C: Spain has a long story of “queer” activism. Of course we have never called it “queer” because this is an English-term that does not mean much for Spanish organizers. Sadly, we are forgetting the history of those activism and we are trying to paste North-American queer politics onto Spanish realities, erasing any trace of any queer activism that has been happening for ages in our organizing culture and history. When you paste North-American queer politics onto Spanish experience, it doesn’t make much sense, because there is a disconnection with peoples’ realities. I’m happy to see the creation of a huge network of Spanish-speaking queer activists, groups, ideas, culture, etc. between people living in different Spanish-speaking countries. There is this desire to reconnect with a queer activist tradition that is rooted in, for example, Cuban gay literature, Argentinean queer films, Colombian feminists actions, Spanish anarchist traditions, etc. In my art I position myself within this Spanish-speaking queer culture. For example, I made this one-month tour with my book Llueven Queers, which is the first ever Spanish queer graphic novel. I was hosted in every city by queer organizers and every night I was meeting new ways of queer organizing because of the different cities and audiences coming to the book presentation. My experience with Spanish queer is that it is rooted in anti-capitalist traditions, mostly anarchist, and that is less about a life-style than a constant struggle (at many times violent ones) against the order imposed on us by the State, by the church, etc.

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Everything Will Be Fine, Coco Riot, 2011.

All of your videos are very heavily text-based. The voiceover in each of your videos is amazingly moving. Can you tell us more about this strategy? 

E: Thank you Alvis! Storytelling is extremely important to me, and Coco and I try to train and challenge each other to tell stronger stories. It’s so easy to tell a story with lots of wasted, self-indulgent detail. It’s hard to tell a story that’s simple and true. I really treasure having the chance to tell people stories. It’s a moment of child-like wonder and security. It actually matters to me more than the images – I call myself a ‘story decorator.’ 

C: Oh Alvis, I never thought it was a strategy, but yes, you are right, it is! I think Elisha has a very strong quality voice that allows them to connect with the audience, not only from the narrating point of view, but also the emotional one! I think our best stories are the ones that Elisha writes and narrates. Elisha is an amazing writer, performer and musician. Usually Elisha will write a story and I will think of the images for it, but I don’t like being stuck to the narration, I don’t want images to be the illustration of the voice, I want the images to expand the story. I guess in a way, the voice, the story keeps the path, they are the main element of our videos, while the images are there to open possibilities.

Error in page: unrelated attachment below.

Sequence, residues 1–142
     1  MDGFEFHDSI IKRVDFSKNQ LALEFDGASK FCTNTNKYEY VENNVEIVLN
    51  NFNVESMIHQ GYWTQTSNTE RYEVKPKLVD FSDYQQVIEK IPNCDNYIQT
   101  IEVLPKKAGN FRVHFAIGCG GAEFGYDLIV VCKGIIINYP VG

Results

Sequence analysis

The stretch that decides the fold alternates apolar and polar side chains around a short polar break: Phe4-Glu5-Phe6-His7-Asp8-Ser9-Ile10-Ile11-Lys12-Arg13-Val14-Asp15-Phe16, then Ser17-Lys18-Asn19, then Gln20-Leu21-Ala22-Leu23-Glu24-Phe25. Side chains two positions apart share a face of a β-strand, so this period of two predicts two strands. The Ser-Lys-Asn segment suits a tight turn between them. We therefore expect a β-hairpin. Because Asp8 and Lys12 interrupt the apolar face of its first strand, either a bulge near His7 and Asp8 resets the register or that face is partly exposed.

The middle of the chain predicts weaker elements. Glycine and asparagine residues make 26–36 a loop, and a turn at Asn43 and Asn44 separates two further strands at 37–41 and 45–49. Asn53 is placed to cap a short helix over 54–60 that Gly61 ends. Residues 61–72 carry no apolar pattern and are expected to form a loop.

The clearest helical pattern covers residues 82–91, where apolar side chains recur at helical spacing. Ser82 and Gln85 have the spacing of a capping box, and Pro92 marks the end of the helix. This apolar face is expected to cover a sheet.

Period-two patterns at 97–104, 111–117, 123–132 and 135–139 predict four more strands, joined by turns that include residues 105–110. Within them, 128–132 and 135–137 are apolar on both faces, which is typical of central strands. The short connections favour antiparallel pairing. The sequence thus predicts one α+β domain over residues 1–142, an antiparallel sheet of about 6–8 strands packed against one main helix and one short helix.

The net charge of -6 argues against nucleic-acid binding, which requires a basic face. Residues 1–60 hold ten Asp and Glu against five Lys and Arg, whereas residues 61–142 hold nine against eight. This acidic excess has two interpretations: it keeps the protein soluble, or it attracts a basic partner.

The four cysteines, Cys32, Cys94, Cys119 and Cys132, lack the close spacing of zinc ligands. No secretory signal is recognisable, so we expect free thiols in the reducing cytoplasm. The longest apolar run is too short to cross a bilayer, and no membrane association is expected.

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Los Sentidos, Elisha Lim and Coco Riot, 2011.

What is the agenda for Call Me They? What do you think you have achieved so far and where do you want it to go? What is it that you want to change? 

E: Good questions! I love the challenge! Let’s see. The agenda is basically to stay alive. Do you know what I mean? Especially as a queer Asian, there aren’t many reasons for people to listen to me. So a radical, ongoing blog is a good way to keep talking, keep connecting, keep encouraging and supporting other people like me.
I’m not satisfied with what we’ve achieved. I think that we’ve achieved a bit of popularity and celebrity. But it really misses the point. I think North American queer communities are very prone to celebrity culture. It’s not their fault, but that is a superficial thing.
Coco and I talked about bringing other artists in, or inviting folks to submit stories for us to animate. If this blog became a showcase for other marginalized transgendered queers, I would like that.

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Setting up for the first Call Me They exhibition at Venus Envy Ottawa, February 2012.

Do you identify yourself as a radical queer? What is the relationship between your politics and your art?

E: I do, I do! I’m very proud to come from a long radical queer racialized tradition! 

C: Oh yes, I identify as a radical queer and I hope my art reflects my ideals. As I said at the beginning, bringing “beauty” is another radical element of my art and my politics. We can discuss for hours about this idea of “beauty”. I guess for me, “beauty” means a place for us to rest for a second from our everyday fight, and a space to be proud of who we are. I make art to make my communities proud.